What ruins it for me in Bob Scales’ eloquent op-ed – “Too many wars, too few U.S. soldiers” — in The Washington Post about the Afghanistan shooting and the state of our Army (and armed forces) is that retired Maj. Gen. Robert Scales also makes an unsatisfying argument on behalf of his institution and a military solution.
“A succession of national leaders,” Scales says, “fail to recognize that combat units, particularly infantry, just wear out.” Then it’s the media to blame for “trying to make some association between the terrible crime of this sergeant and the Army’s inability to treat post-traumatic stress disorder and traumatic brain injury.”
Then, the conclusion: “the real institutional culprit is the decade-long exploitation and cynical overuse of one of our most precious and irreplaceable national assets: our close combat soldiers and Marines.”
I agree whole-heartedly with Scales, who I count as friend and colleague, that the young soldiers shoulder an “enormously disproportionate share of emotional stress.” And I believe something is very wrong.
Retired Maj. Gen. Charles Dunlap also has something to say about the Afghan shootings. I received this press release from Duke University, where the former deputy judge advocate general hangs his hat these days, offering up Dunlap for interviews:
The “news tip” extensively quotes Dunlap making an argument for a “major revamping of Afghan policy” and promoting his hobby-horse of what he calls the scourge of “lawfare.” Dunlap concludes:
“… given that it is virtually impossible to root out every potential rogue from the millions who serve in uniform, military planners may want to rethink the manpower-intensive strategies that have come to dominate American military policy, and especially counterinsurgency doctrine in which winning hearts and minds is said to be essential.”
I imagine that retired Air Force major general Dunlap, whom I always enjoy, isn’t suggesting a rethink in the same way Scales is. To the airmen, manpower-intensive means boots on the ground, in other words, an argument for more airpower.
So: More Army? More Air Force? A new, new counterinsurgency doctrine to fight forever wars? Those are our choices?
I come away hungry for a non-institutional, non-Washington oriented societal argument. Dunlap calls for “military planners” to rethink, which in the inferiority complex of the air force institution is code for the dominant ground service officers, the Army; Scales seems to only be able to name “national leaders” and “the media” for what he calls “exploitation and cynical overuse.”
One area where Dunlap is inadvertently wrong and Scales is right though is that there are not “millions who serve in uniform.” Well, not in the way Dunlap means that there are millions.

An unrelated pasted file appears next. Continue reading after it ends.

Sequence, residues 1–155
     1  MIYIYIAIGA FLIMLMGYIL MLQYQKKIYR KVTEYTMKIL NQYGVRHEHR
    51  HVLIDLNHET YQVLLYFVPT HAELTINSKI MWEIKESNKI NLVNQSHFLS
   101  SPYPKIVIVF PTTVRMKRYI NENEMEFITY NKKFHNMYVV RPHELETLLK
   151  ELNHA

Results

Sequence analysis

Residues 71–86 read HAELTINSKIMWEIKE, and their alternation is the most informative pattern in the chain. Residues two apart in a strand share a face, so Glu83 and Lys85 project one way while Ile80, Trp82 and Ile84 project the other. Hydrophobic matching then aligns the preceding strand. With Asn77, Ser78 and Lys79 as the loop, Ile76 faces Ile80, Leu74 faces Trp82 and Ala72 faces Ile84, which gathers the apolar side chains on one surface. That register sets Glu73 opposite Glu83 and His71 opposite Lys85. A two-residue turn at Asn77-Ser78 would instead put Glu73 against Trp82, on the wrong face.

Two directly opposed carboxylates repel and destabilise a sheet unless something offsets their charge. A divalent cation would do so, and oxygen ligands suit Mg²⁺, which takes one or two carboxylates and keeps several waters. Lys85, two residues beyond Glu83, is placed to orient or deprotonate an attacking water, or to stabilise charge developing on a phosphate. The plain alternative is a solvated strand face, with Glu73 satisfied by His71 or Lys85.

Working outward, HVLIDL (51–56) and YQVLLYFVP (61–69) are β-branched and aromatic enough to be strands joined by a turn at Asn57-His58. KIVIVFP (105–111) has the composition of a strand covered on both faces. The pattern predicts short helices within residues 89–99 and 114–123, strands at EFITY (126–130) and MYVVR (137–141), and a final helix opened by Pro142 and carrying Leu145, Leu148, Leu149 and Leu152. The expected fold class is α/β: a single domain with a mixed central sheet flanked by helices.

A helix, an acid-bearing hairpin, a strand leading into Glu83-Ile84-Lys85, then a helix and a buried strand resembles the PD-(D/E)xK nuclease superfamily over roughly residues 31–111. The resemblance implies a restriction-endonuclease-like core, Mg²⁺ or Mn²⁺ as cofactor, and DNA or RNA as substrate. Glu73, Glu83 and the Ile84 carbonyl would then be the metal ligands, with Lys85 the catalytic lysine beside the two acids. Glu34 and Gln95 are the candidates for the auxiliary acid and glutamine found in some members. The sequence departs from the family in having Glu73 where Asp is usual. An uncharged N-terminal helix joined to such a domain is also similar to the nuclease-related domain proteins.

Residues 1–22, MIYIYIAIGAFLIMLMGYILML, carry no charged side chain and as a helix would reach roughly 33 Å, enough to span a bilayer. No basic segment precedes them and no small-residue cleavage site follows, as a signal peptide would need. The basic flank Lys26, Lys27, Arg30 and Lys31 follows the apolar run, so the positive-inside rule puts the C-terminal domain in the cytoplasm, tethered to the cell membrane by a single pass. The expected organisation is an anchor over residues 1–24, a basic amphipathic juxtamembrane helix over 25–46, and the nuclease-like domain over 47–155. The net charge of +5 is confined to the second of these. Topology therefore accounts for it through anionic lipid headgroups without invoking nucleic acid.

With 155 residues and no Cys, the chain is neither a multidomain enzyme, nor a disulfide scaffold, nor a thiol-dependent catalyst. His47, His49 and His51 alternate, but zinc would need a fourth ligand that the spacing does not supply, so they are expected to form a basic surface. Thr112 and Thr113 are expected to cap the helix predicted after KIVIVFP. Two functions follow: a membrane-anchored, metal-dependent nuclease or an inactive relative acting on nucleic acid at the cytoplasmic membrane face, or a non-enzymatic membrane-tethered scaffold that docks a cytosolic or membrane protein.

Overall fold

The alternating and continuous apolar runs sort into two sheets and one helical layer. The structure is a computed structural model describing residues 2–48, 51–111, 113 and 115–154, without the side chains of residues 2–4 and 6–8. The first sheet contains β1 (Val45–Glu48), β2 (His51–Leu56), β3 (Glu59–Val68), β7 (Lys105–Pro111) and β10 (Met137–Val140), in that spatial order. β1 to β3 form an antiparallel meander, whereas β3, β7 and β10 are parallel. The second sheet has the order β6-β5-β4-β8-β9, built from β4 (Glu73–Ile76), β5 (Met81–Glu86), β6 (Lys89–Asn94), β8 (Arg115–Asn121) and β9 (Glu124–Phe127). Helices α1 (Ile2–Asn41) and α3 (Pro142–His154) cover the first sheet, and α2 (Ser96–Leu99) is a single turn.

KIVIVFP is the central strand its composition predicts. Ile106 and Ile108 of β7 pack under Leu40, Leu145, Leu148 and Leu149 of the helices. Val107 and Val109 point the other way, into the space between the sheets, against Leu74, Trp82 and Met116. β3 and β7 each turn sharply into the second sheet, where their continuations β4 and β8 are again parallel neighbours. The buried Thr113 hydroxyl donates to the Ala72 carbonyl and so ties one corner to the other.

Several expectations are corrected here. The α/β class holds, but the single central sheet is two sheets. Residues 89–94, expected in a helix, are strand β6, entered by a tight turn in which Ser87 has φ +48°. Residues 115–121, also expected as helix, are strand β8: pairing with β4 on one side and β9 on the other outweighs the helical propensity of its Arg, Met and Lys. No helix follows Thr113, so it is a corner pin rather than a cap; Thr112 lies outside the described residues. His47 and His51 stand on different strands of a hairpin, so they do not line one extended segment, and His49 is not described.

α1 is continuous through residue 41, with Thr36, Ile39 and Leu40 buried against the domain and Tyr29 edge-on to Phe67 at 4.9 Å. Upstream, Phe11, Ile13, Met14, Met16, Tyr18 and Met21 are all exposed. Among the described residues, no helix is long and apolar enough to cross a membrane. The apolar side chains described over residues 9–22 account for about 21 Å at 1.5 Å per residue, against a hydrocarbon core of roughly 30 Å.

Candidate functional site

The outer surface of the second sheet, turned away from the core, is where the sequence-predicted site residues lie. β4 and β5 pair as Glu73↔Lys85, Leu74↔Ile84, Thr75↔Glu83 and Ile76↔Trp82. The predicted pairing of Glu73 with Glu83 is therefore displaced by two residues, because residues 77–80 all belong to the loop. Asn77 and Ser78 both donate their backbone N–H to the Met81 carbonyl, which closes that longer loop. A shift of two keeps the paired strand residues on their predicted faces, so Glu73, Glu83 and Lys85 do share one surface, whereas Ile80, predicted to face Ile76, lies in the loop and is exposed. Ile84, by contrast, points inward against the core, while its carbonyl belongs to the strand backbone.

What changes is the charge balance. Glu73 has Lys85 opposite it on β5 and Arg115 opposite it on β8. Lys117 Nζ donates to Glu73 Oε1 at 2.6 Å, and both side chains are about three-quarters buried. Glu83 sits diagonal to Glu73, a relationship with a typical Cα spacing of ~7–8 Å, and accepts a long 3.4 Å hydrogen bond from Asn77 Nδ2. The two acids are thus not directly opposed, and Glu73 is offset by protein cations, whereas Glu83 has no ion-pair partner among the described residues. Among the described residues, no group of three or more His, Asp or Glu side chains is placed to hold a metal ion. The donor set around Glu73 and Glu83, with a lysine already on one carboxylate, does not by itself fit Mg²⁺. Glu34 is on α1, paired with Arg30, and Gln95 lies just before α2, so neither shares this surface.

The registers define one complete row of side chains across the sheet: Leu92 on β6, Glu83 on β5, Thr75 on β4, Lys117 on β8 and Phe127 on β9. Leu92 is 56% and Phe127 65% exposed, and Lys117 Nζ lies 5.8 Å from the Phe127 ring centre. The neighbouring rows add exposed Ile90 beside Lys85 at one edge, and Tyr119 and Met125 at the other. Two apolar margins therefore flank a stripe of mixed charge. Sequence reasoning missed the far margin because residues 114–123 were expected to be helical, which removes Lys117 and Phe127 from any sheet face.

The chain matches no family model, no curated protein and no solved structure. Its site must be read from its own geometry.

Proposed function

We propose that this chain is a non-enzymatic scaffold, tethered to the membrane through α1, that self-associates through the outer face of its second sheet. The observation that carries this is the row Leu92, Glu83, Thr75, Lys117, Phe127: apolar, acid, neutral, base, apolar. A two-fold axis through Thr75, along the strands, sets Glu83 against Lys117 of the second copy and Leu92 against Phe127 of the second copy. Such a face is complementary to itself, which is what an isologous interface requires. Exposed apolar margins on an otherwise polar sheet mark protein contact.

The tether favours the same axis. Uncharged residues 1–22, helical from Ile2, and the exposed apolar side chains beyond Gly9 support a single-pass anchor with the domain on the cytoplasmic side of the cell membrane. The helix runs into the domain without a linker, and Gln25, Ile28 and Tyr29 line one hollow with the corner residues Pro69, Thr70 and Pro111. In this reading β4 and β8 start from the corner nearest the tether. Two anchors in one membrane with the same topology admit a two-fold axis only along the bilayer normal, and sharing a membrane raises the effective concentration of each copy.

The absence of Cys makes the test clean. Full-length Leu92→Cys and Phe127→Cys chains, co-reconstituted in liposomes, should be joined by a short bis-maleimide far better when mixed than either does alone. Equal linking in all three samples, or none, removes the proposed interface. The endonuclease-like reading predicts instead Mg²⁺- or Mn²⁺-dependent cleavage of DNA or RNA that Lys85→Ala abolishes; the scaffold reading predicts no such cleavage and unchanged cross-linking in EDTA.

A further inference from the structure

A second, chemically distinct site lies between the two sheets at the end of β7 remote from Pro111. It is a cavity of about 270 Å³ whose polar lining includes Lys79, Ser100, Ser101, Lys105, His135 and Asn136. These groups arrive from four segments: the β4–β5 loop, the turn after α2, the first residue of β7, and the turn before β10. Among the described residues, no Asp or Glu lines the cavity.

There are technically just over two million in the active duty and reserves; but the military is nowhere like it was during the draft days of Vietnam or the true mobilization of millions in World War II or the Korean War. And within that two million who serve are a far smaller number of deployable military personnel. And within that few hundred thousand who deploy into Afghanistan (or did into Iraq) are a far smaller number who leave the (relative) safety fortresses to fight. I know out there somewhere are some facts to back me up – that only a scandalously small percentage of all people in uniform have even ever deployed once to those actual countries; in other words, most do in fact shoulder the majority of the burden.
No one has cynically created this circumstance, but the military institution is well aware of this now ten-year old reality. Firepower has become so concentrated and networks have become so large and ubiquitous that only tiny numbers of soldiers are ‘needed’ on the front lines compared to Scales’ days. But as Scales and Dunlap both know, firepower isn’t what is going to win these wars, any more than a larger military or an air force/special operations dominated head-hunting campaign would.
We all share the blame for this ethical quagmire. We cede war-making to an increasingly isolated professional caste, we cede to them the design and makeup of the military, we facilitate and tolerate what Scales calls “exploitation” of a few as long as the dangers are kept away from us, and we don’t pay attention until our well-oiled and distant machine has a breakdown or an industrial accident. And once the breakdown occurs – the rogue soldier, the errant bomb, the Abu Ghraib – we expect the floor managers and professionals to fix the machine. To paraphrase someone: We are the machine.